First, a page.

Discussing death

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The co-authors take up challenging questions about pain, caregiving, grief, and what comes after death. Their unlikely collaboration is itself connected to death: the murders of two of Irene's closest friends and Steve's support in perpetuating memories of those friends' lives and not just their violent ends.

The authors share the results of a no-holds-barred discussion they conducted via email for several years. Letting ourselves pose certain questions has the potential to profoundly change the way we think about death, how we choose to die, and, just as importantly, the way we live. Their talk will take place at the Northshire Bookstore on Friday, Jan. 15, starting at 7 p.m.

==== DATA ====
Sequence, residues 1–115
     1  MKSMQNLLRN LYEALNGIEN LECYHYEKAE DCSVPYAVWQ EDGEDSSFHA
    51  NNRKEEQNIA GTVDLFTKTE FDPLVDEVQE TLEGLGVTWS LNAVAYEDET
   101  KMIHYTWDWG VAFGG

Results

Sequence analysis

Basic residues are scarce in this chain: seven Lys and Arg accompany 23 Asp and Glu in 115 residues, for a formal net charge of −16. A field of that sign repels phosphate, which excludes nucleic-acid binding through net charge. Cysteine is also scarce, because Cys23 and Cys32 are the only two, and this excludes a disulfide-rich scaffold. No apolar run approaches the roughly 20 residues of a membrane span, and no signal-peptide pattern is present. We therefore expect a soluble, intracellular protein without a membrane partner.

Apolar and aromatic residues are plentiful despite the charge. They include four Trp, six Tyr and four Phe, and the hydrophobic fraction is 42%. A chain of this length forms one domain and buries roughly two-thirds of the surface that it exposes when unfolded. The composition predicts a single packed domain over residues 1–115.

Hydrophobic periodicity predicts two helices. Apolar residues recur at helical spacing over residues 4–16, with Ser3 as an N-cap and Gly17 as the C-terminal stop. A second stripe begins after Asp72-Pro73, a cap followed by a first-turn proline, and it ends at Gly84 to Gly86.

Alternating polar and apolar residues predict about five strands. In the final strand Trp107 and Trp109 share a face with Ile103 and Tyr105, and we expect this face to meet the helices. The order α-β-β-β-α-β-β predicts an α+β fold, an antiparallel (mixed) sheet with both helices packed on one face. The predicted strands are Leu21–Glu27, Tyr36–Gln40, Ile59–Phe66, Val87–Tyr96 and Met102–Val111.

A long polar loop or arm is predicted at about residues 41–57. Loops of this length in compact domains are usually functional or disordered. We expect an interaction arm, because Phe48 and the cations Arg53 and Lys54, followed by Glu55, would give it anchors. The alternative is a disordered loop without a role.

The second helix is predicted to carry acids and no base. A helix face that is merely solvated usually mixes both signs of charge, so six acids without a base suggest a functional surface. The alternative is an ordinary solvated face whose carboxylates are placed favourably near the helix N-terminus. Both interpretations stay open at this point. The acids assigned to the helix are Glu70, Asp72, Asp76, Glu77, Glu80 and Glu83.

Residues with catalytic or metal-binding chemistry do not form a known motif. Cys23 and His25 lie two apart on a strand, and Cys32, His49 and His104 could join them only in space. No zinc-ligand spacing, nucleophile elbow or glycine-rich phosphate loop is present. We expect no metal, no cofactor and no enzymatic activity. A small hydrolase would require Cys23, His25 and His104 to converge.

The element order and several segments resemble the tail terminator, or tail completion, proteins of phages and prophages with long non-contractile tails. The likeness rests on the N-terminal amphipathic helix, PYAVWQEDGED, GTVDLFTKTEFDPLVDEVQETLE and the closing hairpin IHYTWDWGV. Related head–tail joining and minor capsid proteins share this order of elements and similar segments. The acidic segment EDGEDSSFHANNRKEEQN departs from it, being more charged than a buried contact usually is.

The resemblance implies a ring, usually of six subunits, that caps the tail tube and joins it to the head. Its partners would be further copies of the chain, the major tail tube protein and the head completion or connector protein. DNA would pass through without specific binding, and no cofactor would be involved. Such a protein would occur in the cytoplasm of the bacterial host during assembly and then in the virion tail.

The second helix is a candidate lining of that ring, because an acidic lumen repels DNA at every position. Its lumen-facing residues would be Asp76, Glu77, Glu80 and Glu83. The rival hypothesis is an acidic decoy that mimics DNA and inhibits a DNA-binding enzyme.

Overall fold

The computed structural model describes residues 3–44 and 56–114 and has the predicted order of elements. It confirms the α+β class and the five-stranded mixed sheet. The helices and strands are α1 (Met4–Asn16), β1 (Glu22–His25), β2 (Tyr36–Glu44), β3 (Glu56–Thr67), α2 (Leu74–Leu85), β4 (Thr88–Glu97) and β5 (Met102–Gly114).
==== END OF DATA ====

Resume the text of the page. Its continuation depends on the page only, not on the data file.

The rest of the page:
In the book "Daisy Turner's Kin," author Jane Beck tells the story of Daisy Turner, the daughter of freed African American slaves. In 1983, folklorist Jane Beck began a series of interviews with Turner, then one hundred years old and still relating four generations of oral history. Beck uses Turner's storytelling to build the Turner family saga, using at its foundation the oft-repeated touchstone stories at the heart of their experiences; the abduction into slavery of Turner's African ancestor; Daisy's father Alec Turner learning to read; his return as a soldier to his former plantation to kill his former overseer; and Daisy's childhood stand against racism. Other stories recreate enslavement and her father's life in Vermont. Beck, at the same time, weaves in historical research and offers a folklorist's perspective on oral history and the hazards, and uses, of memory. Her talk will take place Saturday, Jan. 16, at 7 p.m. at the bookstore.


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